SONGS:- Hope of a broken heart-The Gypsy told me-Return to sender-I’ll waltz with you in my dreams-The postman just passed me by-Doll of clay-Rose of Oklahoma-Tennessee senorita-If you will let me be your love - Blue waltz - He stands by the window-It’s no sin to love you-I’ve grown so used to you-Carbon copy-I’m glad for your sake-When I lost you - Why should I want her - Jamboree (instrumental) - Because of you -Tell me more-Summer kisses - Party’s over - Any old time-Don’t shake hands with the devil-The stone was rolledaway.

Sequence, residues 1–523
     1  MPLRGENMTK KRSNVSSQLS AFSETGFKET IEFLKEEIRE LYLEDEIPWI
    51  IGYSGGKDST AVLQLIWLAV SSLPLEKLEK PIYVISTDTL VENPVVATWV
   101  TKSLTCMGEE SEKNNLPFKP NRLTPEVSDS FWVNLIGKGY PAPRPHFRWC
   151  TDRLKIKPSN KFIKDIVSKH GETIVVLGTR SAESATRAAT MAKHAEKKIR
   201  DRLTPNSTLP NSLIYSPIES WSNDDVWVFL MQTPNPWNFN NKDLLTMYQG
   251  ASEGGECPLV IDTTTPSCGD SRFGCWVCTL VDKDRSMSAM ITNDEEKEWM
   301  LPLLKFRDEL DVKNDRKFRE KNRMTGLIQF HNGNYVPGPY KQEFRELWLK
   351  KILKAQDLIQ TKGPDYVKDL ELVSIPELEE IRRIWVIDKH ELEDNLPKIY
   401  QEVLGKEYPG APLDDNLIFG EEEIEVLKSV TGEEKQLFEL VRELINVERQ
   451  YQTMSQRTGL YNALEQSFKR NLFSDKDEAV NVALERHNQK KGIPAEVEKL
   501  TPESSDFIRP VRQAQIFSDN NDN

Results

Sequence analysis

“Without a doubt, if Don Gibson had never made a single record he would still be rated as one of the most important songwriters in the Country genre. His songs caught the mood of the time, and the world of Country Music in general owes him an enormous debt of gratitude” ….. says Brian Golbey opening the liner notes on this CD, 24 songs, over 62 minutes long. He helped form the group “Sons of the Soil” who specialised in songs made popular by their heroes the Sons of the Pioneers. They secured a job over Radio WHOS in Shelby (Don’s home town) and joined Mercury Records where they recorded “ Cloudy Skies” “ I Lost My Love” “Automatic Mama” and “Why Am I So Lonely” an original by Gibson, all of which are included in this collection, though you will have difficulty recognising Don’s voice. Their next recordings were made for RCA Victor in October 1950 (8 tracks from that period included) now known as Don Gibson and his King Cotton Kinfolks. The 2 instrumentals “Carolina Breakdown” and “Wiggle Wag” feature Don on lead guitar. Don was also the prominent vocalist and the session produced the superb “Roses Are Red” which was co-written by Don. In spite of his limited success with RCA, he couldn't make the big time even with Columbia (14 tracks included). Superb though the recordings were he still failed to make the breakthrough. {In 1955 through the auspices of Fred Rose he was signed to MGM and had his first real taste of success with his composition “Sweet Dreams” recorded by Faron Young. Then Kitty Wells had the 1st hit with “I can’t stop loving you” and then Ray Charles broke the mould}. Shortly after rejoining RCA with Chet Atkins Don finally became an International country star and Grand Ole Opry member. This collection only has 4 Gibson compositions and 2 are co-writes. He covers songs from the Louvin Bros, Lunsford Bros, Stuart Hamblen and Benny Martins “Ice Cold Heart” and other lesser known songs from that period. ,after listening to this CD. I have to agree with Golbey again when he asks the question “…Why did it take so long to make it …”. So you can have a listen and see is you can find the reason why? Great collection and full marks yet again to BACM for this great find. You can order direct by Tel:- 01304 205000 or on the web at